The performance and handling of your vehicle depend on the tires. After all, tires are the only contact between the car and the road.
So, when it's time to buy a set of new tires for your vehicle, there are multiple factors you'll want to take into consideration, including your driving style, budget, and the region where you live.
The first requirement when choosing new tires is that they are compatible with your vehicle. Your owner's manual and documentation will have a list of compatible tire types. You can also find the key characteristics of a tire on its sidewall. Look at the tires your car has now and use that as a starting point.
We strongly recommend that a vehicle uses the same tires on each wheel position. This uniformity is vital to maintaining performance and control.
Tire size is provided as width, diameter, and height-to-width aspect ratio. The width is a three-digit number measuring the number of millimeters from one sidewall to the other (1). The ratio is a two- or three-digit percentage of the height compared to the width (2). The diameter, specified in inches, must match the wheel size of your vehicle.
Tires can also vary in construction, indicated by the letter R (3). Until the 1970s, cross-ply tires were the most common; they have a casing made from rubberized cord plies with edges wrapped around the bead wire. In modern car engineering, the radial tire has completely replaced the cross-ply tire. The cords in a radial tire casing run perpendicular to the direction of travel. Viewed from the side, the cords run radially – giving the tire its name.
The tires must be able to support the load of the vehicle; this capacity is called the load index (4). Look up the index to determine the weight, then multiply it by the number of tires to get the total load supported.
The speed rating, denoted as a letter on the sidewall (5), is the maximum speed the tire is capable of. Be aware that tires with a higher maximum speed tend to have faster tread wear. The speed rating must be at least as high as the vehicle's maximum.
The manufacturer also provides you with information on the ideal tire pressure for optimal operation of the car. Be very careful if operating a tire near its maximum rated pressure; it changes vehicle handling and increases wear on the tire.
Be sure to check the sidewall for other information like size (6), safety codes and association icons. They tell you whether it's approved for your country and meets common quality standards.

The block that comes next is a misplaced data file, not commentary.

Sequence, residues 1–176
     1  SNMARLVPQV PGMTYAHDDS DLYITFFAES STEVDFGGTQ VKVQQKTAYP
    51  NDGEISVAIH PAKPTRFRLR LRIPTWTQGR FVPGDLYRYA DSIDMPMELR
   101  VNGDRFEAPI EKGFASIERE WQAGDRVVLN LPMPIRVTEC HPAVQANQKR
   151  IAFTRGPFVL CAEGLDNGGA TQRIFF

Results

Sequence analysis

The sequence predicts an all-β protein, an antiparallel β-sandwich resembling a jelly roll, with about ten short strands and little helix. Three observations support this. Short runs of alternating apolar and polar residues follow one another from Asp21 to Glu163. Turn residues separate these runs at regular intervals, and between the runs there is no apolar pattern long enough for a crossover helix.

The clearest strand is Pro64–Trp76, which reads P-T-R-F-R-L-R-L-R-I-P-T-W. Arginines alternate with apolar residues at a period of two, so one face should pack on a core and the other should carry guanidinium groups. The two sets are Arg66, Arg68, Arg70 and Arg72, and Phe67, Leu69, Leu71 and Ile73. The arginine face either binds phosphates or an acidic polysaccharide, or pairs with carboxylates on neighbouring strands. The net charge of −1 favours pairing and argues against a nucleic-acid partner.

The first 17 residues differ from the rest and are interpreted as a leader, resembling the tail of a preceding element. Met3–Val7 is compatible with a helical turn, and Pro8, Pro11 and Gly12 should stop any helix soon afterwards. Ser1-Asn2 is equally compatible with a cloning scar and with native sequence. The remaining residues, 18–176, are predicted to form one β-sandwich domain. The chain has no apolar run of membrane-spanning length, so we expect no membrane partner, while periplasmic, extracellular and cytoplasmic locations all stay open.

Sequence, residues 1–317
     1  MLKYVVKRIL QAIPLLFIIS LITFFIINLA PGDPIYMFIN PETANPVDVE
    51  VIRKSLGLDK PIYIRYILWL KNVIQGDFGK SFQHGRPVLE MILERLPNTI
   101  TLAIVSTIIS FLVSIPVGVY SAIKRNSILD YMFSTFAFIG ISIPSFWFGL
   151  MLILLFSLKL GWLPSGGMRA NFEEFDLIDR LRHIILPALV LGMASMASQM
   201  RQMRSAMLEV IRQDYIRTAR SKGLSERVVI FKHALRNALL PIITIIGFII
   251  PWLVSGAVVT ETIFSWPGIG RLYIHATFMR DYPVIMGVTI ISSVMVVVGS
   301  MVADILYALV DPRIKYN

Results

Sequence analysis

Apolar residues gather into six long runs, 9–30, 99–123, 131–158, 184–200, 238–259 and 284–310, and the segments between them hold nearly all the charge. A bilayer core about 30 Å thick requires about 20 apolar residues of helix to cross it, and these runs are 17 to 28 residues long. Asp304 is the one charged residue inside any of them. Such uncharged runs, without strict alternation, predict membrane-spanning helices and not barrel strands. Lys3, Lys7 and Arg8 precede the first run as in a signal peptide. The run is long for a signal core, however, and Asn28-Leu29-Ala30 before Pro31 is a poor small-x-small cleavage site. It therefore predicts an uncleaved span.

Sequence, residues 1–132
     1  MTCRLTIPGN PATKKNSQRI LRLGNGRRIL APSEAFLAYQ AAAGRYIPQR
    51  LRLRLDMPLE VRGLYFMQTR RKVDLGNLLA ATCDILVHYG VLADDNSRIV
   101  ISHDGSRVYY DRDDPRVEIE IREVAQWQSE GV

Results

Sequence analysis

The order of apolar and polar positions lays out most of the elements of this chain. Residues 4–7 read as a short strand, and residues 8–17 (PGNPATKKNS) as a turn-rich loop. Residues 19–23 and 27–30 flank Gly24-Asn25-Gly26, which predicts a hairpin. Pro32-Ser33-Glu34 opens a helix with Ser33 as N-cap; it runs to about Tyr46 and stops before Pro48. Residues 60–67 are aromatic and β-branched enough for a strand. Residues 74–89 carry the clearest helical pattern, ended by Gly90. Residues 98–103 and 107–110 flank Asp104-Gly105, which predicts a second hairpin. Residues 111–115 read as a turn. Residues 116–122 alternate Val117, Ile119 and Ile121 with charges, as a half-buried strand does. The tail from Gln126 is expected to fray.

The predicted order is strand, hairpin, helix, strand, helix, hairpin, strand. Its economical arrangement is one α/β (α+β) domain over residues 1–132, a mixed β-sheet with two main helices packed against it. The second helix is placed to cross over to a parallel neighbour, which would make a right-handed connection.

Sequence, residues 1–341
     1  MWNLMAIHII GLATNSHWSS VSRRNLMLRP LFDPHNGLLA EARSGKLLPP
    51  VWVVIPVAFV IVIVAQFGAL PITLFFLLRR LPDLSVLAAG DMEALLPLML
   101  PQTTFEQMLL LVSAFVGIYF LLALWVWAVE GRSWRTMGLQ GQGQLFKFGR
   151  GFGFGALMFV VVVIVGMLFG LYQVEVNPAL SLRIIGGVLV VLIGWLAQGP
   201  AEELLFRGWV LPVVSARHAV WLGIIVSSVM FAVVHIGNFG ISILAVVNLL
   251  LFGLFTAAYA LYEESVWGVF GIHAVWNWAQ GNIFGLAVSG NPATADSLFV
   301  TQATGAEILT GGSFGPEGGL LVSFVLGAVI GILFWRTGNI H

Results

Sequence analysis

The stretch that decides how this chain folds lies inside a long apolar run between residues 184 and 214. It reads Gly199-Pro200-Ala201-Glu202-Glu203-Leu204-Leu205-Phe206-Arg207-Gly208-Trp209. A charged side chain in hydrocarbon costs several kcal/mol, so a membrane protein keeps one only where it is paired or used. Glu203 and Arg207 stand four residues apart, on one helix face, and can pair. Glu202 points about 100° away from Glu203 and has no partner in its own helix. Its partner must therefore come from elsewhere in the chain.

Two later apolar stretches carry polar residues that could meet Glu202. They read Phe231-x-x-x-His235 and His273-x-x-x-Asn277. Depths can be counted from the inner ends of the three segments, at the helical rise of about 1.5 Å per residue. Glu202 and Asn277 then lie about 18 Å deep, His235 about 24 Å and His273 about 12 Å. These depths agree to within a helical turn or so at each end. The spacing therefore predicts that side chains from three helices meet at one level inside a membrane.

Taken together, the key requirements for a tire narrow down your selection. But passenger tires still have many other options. Choosing the right tire for you depends on your driving style and budget.
Are you looking for a quiet, comfortable ride? Tires in this category have a tire tread designed to minimize noise. But the tread rubber may be softer, which increases the rate of wear. Therefore, quiet tires are best suited for paved roads.
Or perhaps you're looking for tires that offer the best fuel efficiency? These tires have a tread with lower rolling resistance which provides substantially improved fuel mileage.
If you drive on unpaved roads or enjoy some off-roading, tire versatility is essential. An all-terrain tire may be enough. Or you may consider the added sidewall protection of an off-road tire. Many specialty truck tires, such as mud tires, offer added traction for various terrains.
Finally, be aware that different tire types handle differently. Give yourself time to adjust when driving, accelerating, and braking with new tires.
Driving conditions vary throughout the year. Many cars come equipped with all-season general-purpose tires.
When it’s time to buy new tires, you should consider your local climate. Alternating between a set of summer and winter tires – or all-season and winter tires – may be more appropriate.
All-season tires work in a variety of conditions. They offer acceptable traction and decent tread life. But they will not perform as well as summer tires in the summer. Nor are they as safe as winter tires in extreme winter weather.
Winter tire tread patterns are designed to be effective on snow and slush. They offer improved handling and shorter braking distances on snow and ice.
Your car comes with preinstalled tires. These are the original equipment (OE) tires chosen by the vehicle manufacturer, which meet their exact requirements having undergone a series of rigorous tests. OE tires can be new designs, tweaks to an existing tire, or a preferred choice of stock tire. For many drivers, picking OE tires for their vehicle is a simple, fuss-free option.